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Tutorial: Using VocalSynth 2 in a Pop Song

In this video, I’m going to share with you two ways to use VocalSynth 2 in a modern pop session.

Now, the song I’m using today is called, “Your Eyes,” and it’s by Kylo.


So here’s technique number one. I wanted to add some power and depth to the backing vocals during this pre-chorus. I’m going to play for you the beginning, and then the after, and then I’ll show you how I came up with this sound.

So here’s before we used VocalSynth 2.


And here’s after.

[mix, after VocalSynth 2]

Now let’s dig into the setup. So first, I’ve set my mode in VocalSynth 2 to MIDI mode. This gives me easy to follow instructions on how to setup MIDI mode in my DAW, which is Logic. In fact, VocalSynth 2 automatically recognizes your DAW and gives you DAW specific instructions for how to route in either auto, MIDI, or sidechain mode.

So now that I’m in MIDI mode, I followed the steps for MIDI setup in Logic, first by creating a new software instrument track, and then placing VocalSynth 2 on it. Then I headed to the sidechain options and chose the track that I essentially wanted to play with my MIDI keyboard. In this case, the track is called, “low harmony,” and it’s over here.

[low harmony vocals]

So once I had my low harmony track, the track that I knew I wanted to play, I went to VocalSynth and searched for it in these sidechain input options.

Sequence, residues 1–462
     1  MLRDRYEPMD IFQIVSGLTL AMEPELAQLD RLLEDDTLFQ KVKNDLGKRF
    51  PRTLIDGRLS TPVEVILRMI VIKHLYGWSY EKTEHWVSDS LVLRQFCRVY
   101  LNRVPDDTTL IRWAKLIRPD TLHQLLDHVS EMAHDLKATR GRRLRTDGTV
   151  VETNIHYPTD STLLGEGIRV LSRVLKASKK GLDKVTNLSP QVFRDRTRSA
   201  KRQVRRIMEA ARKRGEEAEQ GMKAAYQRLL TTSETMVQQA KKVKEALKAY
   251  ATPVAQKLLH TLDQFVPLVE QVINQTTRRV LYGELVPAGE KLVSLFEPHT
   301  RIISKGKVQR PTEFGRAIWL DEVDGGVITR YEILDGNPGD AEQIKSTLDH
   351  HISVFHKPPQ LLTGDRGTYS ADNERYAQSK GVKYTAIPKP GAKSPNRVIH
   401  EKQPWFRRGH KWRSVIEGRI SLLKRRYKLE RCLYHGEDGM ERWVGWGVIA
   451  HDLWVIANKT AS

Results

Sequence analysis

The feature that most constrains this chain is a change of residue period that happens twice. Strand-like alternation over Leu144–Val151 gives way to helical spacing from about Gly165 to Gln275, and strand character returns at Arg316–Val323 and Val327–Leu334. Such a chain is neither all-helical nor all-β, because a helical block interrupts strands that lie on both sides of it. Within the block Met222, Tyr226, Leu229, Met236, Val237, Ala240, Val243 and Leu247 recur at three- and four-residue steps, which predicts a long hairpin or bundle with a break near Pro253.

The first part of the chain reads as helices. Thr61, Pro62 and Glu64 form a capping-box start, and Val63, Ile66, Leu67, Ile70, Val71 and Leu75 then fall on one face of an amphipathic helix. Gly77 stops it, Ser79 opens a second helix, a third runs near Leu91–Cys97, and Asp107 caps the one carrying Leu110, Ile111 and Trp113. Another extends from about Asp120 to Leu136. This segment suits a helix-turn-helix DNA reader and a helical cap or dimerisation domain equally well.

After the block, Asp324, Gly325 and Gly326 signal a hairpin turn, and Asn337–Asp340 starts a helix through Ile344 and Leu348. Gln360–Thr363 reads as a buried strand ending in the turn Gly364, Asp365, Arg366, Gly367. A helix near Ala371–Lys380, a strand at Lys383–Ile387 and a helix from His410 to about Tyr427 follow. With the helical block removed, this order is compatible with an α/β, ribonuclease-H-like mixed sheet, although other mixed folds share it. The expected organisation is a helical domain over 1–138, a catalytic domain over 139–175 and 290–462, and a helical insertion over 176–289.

Now, this is going to be different depending on the DAW that you’re working in, but Logic makes it pretty easy. So there it is right there, low harmony, Audio 65, make sure it’s check marked, and now you can pull out your MIDI controller or MIDI keyboard and play some notes.

[affected vocals]

Let’s talk a little bit about the sound of VocalSynth 2. I got this sound by starting with a preset which you can find in the global preset menu over here. Just click that. You’ll notice that we have things divided into two categories, auto-mode presets and MIDI mode presets. Because we’re using MIDI, I started with the clear folder in the MIDI mode preset menu, and went for searching for symmetry, and then I made a few tweaks and came up with this tweaked Searching for Symmetry preset.

You’ll notice as I flip back and forth between both of them, they’re not too different. Things sounded really good right away, but let’s go through the tweaked preset that I saved and talk about how we came up with the sound.

The first tweak I made was to engage BioVox, a module modeled after the human vocal tracked. I added some breathiness with the breath slider to give the harmonies an ethereal quality. I’ll bring up the breath slider as I play this vocal passage back.

[vocals with processing]

So aside from breathiness, adding the BioVox module to your module chain is a great way to add power, smoothness, and depth. So have a listen as I turn the module on and off here.

[vocals, with and without module]

Next, I went to Polyvox and turned the formant slider here to its default. You can always do that by double-clicking, and this is just to protect from any pitch shifting with Polyvox.

I also turned down Polyvox from the animation here, and this is just to give most of the power to the vocoder and BioVox modules. You can blend and bring things in right from the animation itself here, or toggle it from the sliders. It’s up to you.

And we also have vocoder, which is adding some robotic grit to this background vocal. Have a listen as I bring this in and out of the mix.